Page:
Principles of Learning

Sample Syllabus

Principles of Learning Syllabus  – Spring 2018

Selected Readings

  • Barab, S. A., & Dodge, T. (2007). Strategies for Designing Embedded Curriculum. In J. M. Spector, M. D. Merrill, J. J. G. Van Merriënboer, & M. P. Driscoll (Eds.), Handbook of Research on Educational Communications and Technology(3rd ed., pp. 97–110). New York: Routledge.
  • Dickey, M. D. (2006). Game Design Narrative for Learning: Appropriating the Adventure Game Design Narrative Devices and Techniques for the Design of Interactive Learning Environments. Educational Technology Research and Development54(3), 245–263.
  • Gadamer, H.-G. (2001). Education is Self-Education. Journal of Philosophy of Education35(4), 529–538.
  • Jonassen, D. H. (1991). Objectivism versus Constructivism: Do We Need a New Philosophical Paradigm? Educational Technology, Research and Development39(3), 5–14.
  • McDonald, J. K., Yanchar, S. C., & Osguthorpe, R. T. (2005). Learning from Programmed Instruction: Examining Implications for Modern Instructional Technology. Educational Technology Research and Development53(2), 84–98.
  • Phillips, D. C. (1995). The Good, the Bad, and the Ugly: The Many Faces of Constructivism. Educational Researcher24(7), 5–12.
  • Schank, R. C., & Berman, T. R. (2002). The Pervasive Role of Stories in Knowledge and Action. In M. C. Green, J. J. Strange, & T. C. Brock (Eds.), Narrative Impact: Social and Cognitive Foundations(pp. 287–313). Mahwah, NJ: Erlbaum.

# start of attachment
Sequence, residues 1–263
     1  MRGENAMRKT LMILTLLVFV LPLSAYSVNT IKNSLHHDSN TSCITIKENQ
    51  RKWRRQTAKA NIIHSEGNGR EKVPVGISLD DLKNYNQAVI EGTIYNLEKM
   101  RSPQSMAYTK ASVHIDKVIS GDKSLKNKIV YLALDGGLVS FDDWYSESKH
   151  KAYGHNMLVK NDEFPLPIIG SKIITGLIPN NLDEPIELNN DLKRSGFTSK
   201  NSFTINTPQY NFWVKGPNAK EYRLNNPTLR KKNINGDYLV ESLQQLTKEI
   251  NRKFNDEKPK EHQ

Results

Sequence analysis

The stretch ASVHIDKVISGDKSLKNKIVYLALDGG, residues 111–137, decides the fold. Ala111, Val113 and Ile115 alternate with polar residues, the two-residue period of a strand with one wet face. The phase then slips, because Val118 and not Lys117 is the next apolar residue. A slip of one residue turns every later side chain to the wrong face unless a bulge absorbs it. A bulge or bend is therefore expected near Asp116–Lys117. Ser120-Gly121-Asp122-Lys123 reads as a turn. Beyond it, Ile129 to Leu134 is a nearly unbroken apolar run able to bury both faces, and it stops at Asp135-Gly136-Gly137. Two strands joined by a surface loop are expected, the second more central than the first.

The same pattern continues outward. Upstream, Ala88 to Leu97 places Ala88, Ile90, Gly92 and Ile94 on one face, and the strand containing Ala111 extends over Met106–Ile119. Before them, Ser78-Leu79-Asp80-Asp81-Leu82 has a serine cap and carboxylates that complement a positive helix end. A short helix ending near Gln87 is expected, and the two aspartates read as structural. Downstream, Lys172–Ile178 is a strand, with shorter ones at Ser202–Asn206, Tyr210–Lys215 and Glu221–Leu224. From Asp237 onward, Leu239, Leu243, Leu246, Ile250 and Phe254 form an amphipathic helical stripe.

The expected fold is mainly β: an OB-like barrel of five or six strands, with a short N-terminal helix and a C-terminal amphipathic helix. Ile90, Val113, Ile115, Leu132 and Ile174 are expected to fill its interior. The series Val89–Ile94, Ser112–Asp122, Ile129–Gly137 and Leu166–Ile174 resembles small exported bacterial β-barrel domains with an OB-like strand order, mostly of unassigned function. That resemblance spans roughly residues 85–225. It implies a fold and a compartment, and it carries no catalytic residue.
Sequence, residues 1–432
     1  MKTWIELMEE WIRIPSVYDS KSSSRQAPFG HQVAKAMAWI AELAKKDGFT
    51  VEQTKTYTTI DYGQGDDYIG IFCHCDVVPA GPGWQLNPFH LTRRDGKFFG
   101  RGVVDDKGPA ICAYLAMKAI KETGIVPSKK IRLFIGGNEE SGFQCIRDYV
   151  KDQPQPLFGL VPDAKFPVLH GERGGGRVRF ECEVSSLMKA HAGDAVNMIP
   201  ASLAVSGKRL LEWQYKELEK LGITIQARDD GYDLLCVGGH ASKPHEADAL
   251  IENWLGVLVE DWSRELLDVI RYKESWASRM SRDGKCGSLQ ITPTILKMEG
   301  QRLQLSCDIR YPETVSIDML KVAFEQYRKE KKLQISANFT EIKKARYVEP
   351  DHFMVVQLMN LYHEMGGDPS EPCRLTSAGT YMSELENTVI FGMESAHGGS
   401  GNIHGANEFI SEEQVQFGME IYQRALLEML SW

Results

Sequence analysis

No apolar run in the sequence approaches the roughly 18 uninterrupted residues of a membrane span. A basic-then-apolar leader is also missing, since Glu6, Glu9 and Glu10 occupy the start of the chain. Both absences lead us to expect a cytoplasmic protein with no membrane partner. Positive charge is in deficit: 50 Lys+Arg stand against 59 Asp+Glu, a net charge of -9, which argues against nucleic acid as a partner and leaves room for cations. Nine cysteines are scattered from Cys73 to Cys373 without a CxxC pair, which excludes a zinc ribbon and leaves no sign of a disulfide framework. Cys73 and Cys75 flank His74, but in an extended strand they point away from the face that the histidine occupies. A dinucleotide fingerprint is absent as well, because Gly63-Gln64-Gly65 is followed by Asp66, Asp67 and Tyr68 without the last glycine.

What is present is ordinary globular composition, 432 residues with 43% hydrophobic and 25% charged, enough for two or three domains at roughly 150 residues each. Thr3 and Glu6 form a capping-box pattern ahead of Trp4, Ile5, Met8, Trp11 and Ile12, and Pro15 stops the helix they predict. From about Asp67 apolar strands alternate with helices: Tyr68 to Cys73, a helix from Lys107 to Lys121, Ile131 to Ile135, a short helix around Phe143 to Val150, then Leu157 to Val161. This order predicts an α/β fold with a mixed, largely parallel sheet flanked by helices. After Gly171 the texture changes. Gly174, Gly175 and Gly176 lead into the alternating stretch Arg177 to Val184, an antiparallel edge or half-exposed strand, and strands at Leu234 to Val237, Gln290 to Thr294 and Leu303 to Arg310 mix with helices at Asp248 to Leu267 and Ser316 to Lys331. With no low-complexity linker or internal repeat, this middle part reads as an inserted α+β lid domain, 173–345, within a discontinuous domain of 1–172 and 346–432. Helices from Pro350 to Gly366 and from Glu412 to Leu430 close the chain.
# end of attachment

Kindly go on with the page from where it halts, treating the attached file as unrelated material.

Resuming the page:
• Sfard, A. (1998). On Two Metaphors for Learning and the Dangers of Choosing Just One. Educational Researcher27(2), 4–13.
  • Siemens, G. (2005). Connectivism: A Learning Theory for the Digital Age. Internaional Journal of Instructional Technology & Distance Learning2(1).
  • Skinner, B. F. (1963). Operant Behavior. American Psychologist18, 503–515.
  • Thomas, G. (1997). What’s the Use of Theory? Harvard Educational Review67(1), 75–104.
  • Yanchar, S. C., & South, J. B. (2008). Struggling with Theory? A Qualitative Investigation of Conceptual Tool Use in Instructional Design.
  • Yanchar, S. C., Spackman, J. S., & Faulconer, J. E. (2013). Learning as embodied familiarization. Journal of Theoretical and Philosophical Psychology33(4), 216–232.

The instructional design studio as an example of model-centered instruction

This is an analysis of the attributes of various design studio cases that have been published in various fields. My intent was to situate the aspects of studio pedagogy in some kind of framing that would allow people interested in the studio to more intentionally plan how they implement different studio components.

This was the first paper I wrote when I came back to the university, but it took two years of reviews and revisions (and three different journals) before it found a home. There’s a lesson in that somewhere, I suppose.

Abstract:

This study describes how instructional design (ID) educators can better understand and implement design studio pedagogy, by comparing the approach to the principles of model-centered instruction (MCI). I studied this issue through a focused literature review of recent cases of ID studio implementations, comparing features and activities in each case to the conceptual principles of MCI. In aggregate, this analysis provides seventeen individual options for how educators can structure the ID studio. Additionally, comparing studio practice to MCI may also help ID educators experiment with their own studio improvements in a more systematic manner.

At BYU Scholars Archive

At Academia.edu

At ResearchGate

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